I started working with WWF on the management of the Kayan Mentarang National Park, which had been declared without consulting indigenous peoples even though their territories overlap with the 1.3 million hectares of the park. We conducted ethnohistorical research in ten customary indigenous
territories, including supporting community mapping of 1.8 million hectares of forests, and thus learned a great deal about how indigenous peoples managed the forest and used zoning – setting aside some areas for agriculture, some areas as protected or for limited use, others as sacred. WWF worked to combine the different views of forest protection so local people would be allowed to have access and continue their practices within the national park. It was a long advocacy process of something like 10-12 years, because the national laws were strict and adhered to the old paradigm of local people as a barrier to conservation.
WWF-Indonesia worked closely with indigenous partners to advocate for change, successfully arguing that the benefits of enabling collaborative or co-shared management would outweigh any legislative or transactional costs, and be more efficient. It was a victory, because it was the first national park in Indonesia to be granted collaborative management status. But while the example of this park has inspired other national parks to be more vocal about adapting or adopting local practices and engaging indigenous peoples, the legislation has not yet fully changed. That’s why social development is the center of my conservation view, and why I work to integrate it into our broader conservation agenda.
How is something like governance, which can be an abstract academic term, related to conservation? How can they support each other?
It’s fundamental! I like to think, coming from the social development perspective, that in conservation the bulk of the matter is really how and who makes decisions about use of natural resources – and that’s governance. Management is making the ‘what’ decision, or planning, but the governance sphere is the ‘who’ and the ‘how’; and good governance is enabling the right process that leads to the right decisions about resources use.
For example, you can have a closed, elitist group or you can have open, transparent, and inclusive processes making or producing decisions about resource use. There are layers to the sphere of governance which include institutions, where decisions are formalized, and regulatory frameworks that are developed and applied (formal, customary, etc.) so it can be very complex, but it’s clear why it’s important to environmental work in general. It’s often conflated with management, but we need to make sure we address all the issues in the governance sphere, because it’s governance processes that allocate and regulate benefits and incentives, not management. This is also why institutions granted authority on issues related to natural resource use need to include all voices, including indigenous peoples, women, and minorities and other vulnerable groups who sometimes pay the highest costs for conservation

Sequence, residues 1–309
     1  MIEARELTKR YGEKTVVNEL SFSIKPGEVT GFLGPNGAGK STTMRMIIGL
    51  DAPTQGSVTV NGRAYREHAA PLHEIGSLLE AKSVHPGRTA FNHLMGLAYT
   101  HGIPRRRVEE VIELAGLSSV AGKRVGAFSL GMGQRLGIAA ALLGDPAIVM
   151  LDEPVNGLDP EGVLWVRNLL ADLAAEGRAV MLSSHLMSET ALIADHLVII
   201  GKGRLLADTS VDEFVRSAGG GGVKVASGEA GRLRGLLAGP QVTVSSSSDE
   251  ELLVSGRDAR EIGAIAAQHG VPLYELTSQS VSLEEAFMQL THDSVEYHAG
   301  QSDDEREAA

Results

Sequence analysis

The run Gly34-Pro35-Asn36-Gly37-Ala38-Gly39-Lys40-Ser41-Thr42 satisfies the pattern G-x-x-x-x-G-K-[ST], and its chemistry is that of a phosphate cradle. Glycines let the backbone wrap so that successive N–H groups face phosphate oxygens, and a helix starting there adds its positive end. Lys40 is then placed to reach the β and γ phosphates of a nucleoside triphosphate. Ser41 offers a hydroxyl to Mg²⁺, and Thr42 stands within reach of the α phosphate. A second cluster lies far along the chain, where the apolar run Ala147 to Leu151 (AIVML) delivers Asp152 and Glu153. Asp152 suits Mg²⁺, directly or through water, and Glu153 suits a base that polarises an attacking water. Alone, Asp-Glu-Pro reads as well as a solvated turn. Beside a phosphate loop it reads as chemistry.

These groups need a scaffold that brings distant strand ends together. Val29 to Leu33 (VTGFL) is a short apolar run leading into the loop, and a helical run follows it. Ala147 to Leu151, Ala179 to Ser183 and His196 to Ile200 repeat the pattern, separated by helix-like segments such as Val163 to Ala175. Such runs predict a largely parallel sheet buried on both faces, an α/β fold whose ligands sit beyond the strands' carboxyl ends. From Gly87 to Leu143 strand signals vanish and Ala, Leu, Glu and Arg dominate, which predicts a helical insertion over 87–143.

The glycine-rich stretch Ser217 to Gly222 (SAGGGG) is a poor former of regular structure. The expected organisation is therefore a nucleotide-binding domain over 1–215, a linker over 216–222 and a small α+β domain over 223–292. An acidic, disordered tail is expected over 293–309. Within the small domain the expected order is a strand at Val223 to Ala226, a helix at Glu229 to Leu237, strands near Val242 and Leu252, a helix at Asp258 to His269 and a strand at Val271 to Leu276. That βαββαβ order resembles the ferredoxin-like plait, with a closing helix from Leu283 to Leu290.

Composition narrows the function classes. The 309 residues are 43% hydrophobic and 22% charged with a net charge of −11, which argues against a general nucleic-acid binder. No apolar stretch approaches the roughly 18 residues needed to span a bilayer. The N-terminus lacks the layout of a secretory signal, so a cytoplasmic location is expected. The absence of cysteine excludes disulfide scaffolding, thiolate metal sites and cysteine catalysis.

Is there one area you think needs more attention under current conservation strategies? If so, what is it and how can we better incorporate it?
I think that the conservation community has generally struggled to show the immediate economic value of conservation, which is still often seen as being against development. There has been a lot of progress made towards advocating that preservation, sustainable use, and conservation are part of sustainable development, but that we still have a ways to go. Even the Sustainable Development Goals still reflect this basic mindset. The environment is more explicitly locked into a few goals, and then you have separate economic ones that appear rather detached from environmental considerations.
We still have to push that we live on a finite planet, and that we must act quickly to preserve the integrity of our environment and our climate. The paradigm that economic growth will solve all problems is still fundamentally embedded in development plans of developing and emerging economies, it’s vital that we provide more examples of on the ground alternative conservation experiences and policies that really bring impactful development gains. WWF is working on this, but no matter how big we are as an organization, we still need to work with others, removing and blurring the boundaries to create movements for conservation and sustainable development, and finding new ways of working together.